As Louisiana's voucher program is getting a hearing from the full 7-judge panel of the Louisiana Supreme Court, advocates both for and against it are making their case to the public. Until the judges make the decision, after a hearing that was held Tuesday, the program – and Baton Rouge families qualifying for vouchers – remain in limbo.
Nearly 5,000 children in Baton Rouge qualify for the voucher program, which is a state-sponsored scholarship which allows families to use the money towards tuition at a school of their choice. The program remains on hold after the ruling by a Baton Rouge judge that the program was unconstitutional. The Supreme Court is hearing arguments on the appeal filed by the state.
Meanwhile, those who turned out to march in support of school choice – parents among them – are wondering why it's unconstitutional for tax payers to have a say as to where their tax money is going.
"If you take my take my tax dollars and give it to the public schools, how come is it now you deem it illegal and unconstitutional to apply it to where I have the right to say where it goes?" parent Anthony White said.
"As a parent, if my child is attending a public school that is failing, and it's evident and it's shown numbers-wise, LEAP-score wise, as a parent I should have the right to remove my child from that environment," parent Essence Jackson said.
Joyce Haynes, head of the Louisiana Association of Educators – the teachers union that filed the lawsuit challenging the program – offers up a familiar criticism of the voucher program. In her view, the program strips resources from already pinched public schools, degrading the quality of education for everyone.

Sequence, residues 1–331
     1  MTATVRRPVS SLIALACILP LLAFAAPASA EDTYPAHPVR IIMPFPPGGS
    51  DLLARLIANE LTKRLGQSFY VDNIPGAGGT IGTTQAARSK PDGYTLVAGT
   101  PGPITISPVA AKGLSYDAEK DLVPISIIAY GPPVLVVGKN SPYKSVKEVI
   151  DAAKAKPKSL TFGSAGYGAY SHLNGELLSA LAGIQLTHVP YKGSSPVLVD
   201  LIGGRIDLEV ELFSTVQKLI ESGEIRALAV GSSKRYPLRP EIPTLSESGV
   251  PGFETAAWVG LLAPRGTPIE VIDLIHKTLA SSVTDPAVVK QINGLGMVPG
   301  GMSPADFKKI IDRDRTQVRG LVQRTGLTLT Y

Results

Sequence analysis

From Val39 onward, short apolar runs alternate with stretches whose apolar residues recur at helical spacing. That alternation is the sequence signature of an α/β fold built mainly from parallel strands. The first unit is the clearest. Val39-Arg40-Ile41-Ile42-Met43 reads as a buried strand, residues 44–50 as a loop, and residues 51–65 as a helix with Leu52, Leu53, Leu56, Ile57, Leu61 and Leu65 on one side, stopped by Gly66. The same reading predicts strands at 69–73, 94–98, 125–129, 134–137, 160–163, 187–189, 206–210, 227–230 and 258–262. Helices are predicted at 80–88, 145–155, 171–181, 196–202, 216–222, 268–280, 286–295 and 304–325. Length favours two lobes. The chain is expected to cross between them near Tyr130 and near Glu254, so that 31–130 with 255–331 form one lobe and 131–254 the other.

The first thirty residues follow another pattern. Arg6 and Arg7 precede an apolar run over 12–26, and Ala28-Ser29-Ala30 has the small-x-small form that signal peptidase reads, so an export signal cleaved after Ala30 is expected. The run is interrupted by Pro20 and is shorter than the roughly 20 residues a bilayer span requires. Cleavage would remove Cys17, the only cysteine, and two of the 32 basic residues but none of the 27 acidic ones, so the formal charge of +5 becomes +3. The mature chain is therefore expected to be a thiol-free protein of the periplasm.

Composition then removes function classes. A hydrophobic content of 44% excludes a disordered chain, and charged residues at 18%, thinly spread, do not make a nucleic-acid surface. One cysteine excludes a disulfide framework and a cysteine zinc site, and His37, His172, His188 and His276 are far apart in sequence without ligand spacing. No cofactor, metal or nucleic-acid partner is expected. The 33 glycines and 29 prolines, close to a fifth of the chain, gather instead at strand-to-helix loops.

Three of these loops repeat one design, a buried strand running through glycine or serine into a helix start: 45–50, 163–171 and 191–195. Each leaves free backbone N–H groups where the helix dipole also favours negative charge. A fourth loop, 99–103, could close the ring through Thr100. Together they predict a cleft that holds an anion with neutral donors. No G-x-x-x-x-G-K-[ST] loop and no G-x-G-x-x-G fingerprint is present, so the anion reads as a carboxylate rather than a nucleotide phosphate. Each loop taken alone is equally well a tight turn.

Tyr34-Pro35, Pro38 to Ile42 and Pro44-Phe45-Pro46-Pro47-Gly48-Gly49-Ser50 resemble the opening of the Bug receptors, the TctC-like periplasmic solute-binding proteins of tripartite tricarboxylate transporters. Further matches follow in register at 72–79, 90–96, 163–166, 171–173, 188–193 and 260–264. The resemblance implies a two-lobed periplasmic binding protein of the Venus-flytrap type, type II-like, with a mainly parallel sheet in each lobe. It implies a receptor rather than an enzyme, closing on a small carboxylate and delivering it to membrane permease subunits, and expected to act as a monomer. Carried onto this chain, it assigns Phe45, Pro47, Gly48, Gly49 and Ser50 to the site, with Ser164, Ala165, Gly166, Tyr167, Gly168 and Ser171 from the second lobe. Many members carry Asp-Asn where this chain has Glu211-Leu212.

Haynes says that tax money should go to the district, not follow the student. She further challenges the assertion that so many public schools in the state are failing, noting that the "bar is always moving" when it comes to public school assessment.
She expressed hope that the Supreme Court upholds the ruling of the lower court and that the state should concentrate on improving all public schools so they can provide excellent education to all students rather than trying to take apart the public education system piece by piece.
Opponents of the voucher program feel that money should automatically go to designated school districts, while supporters of the voucher program feel it should follow the child.
"This case is about whether 198,000 students in D- and F-ranked schools are going to be able to access quality education through private options, or whether they're going to be forced to stay in schools that are under performing and failing," Justice Institute attorney Bill Maurer said.